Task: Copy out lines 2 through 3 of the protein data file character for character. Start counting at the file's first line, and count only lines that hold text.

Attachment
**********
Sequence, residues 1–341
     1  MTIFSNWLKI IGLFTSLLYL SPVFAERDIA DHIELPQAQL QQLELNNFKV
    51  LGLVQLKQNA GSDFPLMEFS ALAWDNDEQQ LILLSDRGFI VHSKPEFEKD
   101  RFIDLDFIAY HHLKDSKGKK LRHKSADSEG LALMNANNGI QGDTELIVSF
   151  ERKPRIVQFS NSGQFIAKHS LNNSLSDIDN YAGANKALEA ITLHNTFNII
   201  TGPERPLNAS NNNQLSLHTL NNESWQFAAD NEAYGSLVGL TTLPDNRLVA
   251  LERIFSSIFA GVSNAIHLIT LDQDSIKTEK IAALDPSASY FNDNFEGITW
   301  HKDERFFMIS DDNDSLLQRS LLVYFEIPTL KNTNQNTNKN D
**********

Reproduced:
     1  MTIFSNWLKI IGLFTSLLYL SPVFAERDIA DHIELPQAQL QQLELNNFKV
    51  LGLVQLKQNA GSDFPLMEFS ALAWDNDEQQ LILLSDRGFI VHSKPEFEKD